Our program may offer a new approach to improve ANC services in Iraq. The latest report from the Iraqi Ministry of Health showed underutilization of ANC services by pregnant women, which could be attributed to an absence of awareness about the importance of these services or a lack of confidence in the services available.

The result of this study was comparable with a randomized controlled trial (RCT) conducted in Malaysia using text messaging to improve attendance in primary care: the attendance rate of the text messaging reminder group was significantly higher and the cost of the text messaging reminder was also reasonable, being $0.09 per patient [18]. The same positive result has also been demonstrated in young diabetic people engaged in the Sweet Talk text messaging system trial, where 82% of patients improved their diabetes self-management and 90% wanted to continue receiving messages [19].

Though our text massages had other tasks, their main target was to work as a reminder to attend the PHCC on the scheduled time. In Thailand, automated SMS-based reminders to 280 pregnant women have been shown to increase the number of on-time prenatal care visits by a factor of 1.9 in women who received reminders [20]. In Australia, appointment reminders for attendance at outpatient clinics sent as SMS text messages to patients’ mobile telephones has been shown to significantly lower overall failure-to-attend rates (14.2% vs. 23.4%; P<0.001). Based on this result, the authors plan to extend the trial of SMS reminders to all outpatient clinics in their hospital [21]. Measuring on-time attendance will be one of our targets in a future study.

General health messages, nutritional advice and lifestyle education were the preferred types of messages, which were indicated as the preferred content, exceeding the preference for text reminders. This finding, when viewed in association with the high count of phone calls received by the help center in relation to pregnancy problems, labor information and puerperium, may provide another clue for the acceptability of this m-Health project. The educational role of this electronic method was also shown in other studies. One successful program that is being broadly disseminated in the United States is the “text4baby” program, which sends weekly free text messages to help new and underserved mothers to get access to information that they need to take care of their own health and that of their babies [22].

The explanatory variables taken into consideration in our study failed to show any significant relationship with the positive impact of the messages, apart from family history of congenital anomalies. Future m-Health interventions might therefore be designed to focus on those with a poor obstetric history.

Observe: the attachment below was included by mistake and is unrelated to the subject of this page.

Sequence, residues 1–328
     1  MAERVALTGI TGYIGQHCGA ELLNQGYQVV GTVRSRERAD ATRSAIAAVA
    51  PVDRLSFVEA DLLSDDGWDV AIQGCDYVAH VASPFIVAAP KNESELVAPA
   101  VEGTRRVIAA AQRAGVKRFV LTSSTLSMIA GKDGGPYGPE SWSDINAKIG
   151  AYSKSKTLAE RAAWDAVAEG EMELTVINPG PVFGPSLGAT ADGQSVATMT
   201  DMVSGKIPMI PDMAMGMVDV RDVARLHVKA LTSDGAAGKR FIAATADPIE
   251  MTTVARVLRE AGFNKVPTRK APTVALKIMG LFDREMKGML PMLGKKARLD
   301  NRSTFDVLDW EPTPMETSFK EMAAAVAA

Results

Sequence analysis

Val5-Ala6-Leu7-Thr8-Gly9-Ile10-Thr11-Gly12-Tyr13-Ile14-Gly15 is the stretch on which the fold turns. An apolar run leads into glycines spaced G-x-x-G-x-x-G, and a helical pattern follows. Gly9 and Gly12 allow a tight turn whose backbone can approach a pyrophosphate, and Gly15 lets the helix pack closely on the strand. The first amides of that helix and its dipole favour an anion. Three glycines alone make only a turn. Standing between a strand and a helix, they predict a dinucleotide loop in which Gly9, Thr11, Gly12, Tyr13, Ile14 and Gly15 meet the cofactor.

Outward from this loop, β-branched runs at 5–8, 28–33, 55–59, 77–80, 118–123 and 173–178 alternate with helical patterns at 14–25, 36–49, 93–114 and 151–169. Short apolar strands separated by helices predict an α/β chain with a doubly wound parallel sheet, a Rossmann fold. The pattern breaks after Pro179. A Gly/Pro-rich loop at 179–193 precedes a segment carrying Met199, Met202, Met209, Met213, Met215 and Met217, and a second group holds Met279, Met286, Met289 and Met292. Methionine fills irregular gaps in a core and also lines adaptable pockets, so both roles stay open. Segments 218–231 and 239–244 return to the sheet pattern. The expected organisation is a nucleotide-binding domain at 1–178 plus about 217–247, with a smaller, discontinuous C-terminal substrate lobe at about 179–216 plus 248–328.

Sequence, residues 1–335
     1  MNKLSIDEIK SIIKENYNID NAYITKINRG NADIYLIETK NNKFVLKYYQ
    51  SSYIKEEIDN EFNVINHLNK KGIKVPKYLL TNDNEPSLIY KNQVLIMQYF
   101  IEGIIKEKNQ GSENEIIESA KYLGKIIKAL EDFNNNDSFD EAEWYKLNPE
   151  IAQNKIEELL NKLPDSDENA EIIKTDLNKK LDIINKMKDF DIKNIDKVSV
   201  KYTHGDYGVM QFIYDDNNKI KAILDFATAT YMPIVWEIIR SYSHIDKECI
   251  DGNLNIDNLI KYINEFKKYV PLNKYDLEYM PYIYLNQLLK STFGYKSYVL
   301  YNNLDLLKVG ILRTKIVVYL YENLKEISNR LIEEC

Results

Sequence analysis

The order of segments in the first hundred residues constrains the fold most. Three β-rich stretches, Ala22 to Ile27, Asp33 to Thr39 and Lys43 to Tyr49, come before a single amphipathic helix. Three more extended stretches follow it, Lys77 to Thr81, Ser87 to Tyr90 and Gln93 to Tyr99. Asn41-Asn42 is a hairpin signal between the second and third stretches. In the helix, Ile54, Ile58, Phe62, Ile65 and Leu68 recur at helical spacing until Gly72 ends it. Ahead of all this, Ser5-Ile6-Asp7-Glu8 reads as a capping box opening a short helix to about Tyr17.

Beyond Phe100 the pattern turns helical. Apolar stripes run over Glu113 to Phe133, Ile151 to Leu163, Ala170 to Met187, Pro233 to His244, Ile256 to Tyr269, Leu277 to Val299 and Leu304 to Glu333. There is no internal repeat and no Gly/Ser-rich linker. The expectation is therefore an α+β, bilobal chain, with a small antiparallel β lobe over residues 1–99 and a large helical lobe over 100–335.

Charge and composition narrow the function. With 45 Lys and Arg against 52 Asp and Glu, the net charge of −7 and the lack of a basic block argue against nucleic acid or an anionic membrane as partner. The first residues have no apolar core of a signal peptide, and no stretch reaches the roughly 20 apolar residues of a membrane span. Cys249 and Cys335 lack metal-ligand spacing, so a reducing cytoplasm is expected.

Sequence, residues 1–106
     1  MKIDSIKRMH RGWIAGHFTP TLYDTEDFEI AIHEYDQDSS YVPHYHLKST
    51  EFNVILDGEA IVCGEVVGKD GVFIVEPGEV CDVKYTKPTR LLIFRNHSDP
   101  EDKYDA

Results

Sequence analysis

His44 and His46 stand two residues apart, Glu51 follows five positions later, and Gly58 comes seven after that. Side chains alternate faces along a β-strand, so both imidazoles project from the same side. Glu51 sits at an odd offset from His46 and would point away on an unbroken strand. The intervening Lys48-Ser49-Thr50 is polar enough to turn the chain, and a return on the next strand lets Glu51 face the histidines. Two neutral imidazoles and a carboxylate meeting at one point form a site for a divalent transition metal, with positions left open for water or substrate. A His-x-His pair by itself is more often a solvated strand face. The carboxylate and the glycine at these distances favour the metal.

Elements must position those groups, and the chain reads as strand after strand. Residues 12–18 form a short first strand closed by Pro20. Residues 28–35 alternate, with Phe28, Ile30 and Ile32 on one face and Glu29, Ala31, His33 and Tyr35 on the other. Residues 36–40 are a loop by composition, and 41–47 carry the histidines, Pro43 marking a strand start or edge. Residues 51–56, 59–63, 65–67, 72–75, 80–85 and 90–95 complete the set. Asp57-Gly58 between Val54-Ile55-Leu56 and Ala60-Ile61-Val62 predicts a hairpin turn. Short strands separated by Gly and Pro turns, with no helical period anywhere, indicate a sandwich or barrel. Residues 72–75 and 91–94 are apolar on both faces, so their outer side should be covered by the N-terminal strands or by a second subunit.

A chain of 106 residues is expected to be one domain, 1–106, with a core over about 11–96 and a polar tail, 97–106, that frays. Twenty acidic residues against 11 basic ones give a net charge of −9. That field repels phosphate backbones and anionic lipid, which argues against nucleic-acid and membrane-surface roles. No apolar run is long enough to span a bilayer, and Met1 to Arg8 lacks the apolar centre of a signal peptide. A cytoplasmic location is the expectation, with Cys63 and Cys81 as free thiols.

This pilot study showed that mobile-phone-based pregnancy support is feasible, reasonably acceptable by Iraqi pregnant women, of low cost and encourages their ANC visits. Larger randomized studies are needed to provide evidence for extended services with the probable use of an SMS appointment reminder system to improve antenatal visits, to rate the quality of services at the PHC level and, as some women commented that they wished to have more customized communication, to suggest personalized messages tailored to patients’ needs.


The authors wish to thank the Al-Kindy Medical School at the University of Baghdad for supporting this project. They also wish to thank The British Council for its grant to develop collaborative links between UK universities (Kingston University, London, and Cardiff University, Cardiff) and Iraqi universities (Baghdad and Basrah Universities) as part of the DelPHE Iraq project. They also grateful to Dr. Nazar S. Haddad for his general contribution to the study design.


Supplemental Material:

The online version of this article (DOI: https://doi.org/10.1515/jpm-2016-0127) offers supplementary material, available to authorized users.

About the article

Corresponding author: Dr. Taghreed Alhaidari, Scientific Unit, Al Kindy College of Medicine, University of Baghdad, P.O. Box: 19033, Al Dhubbat, Baghdad, Iraq, Tel.: +964 7701715028, +964 7906216647

Received: 2016-04-11

Accepted: 2017-01-31

Published Online: 2017-03-13

Published in Print: 2018-01-26

Author’s statement

Conflict of interest: Authors state no conflict of interest.

Material and methods: Informed consent: Informed consent has been obtained from all individuals included in this study.

Ethical approval: The research related to human subject use has complied with all the relevant national regulations, and institutional policies, and is in accordance with the tenets of the Helsinki Declaration, and has been approved by the authors’ institutional review board or equivalent committee.

Citation Information: Journal of Perinatal Medicine, Volume 46, Issue 1, Pages 67–74, ISSN (Online) 1619-3997, ISSN (Print) 0300-5577, DOI: https://doi.org/10.1515/jpm-2016-0127.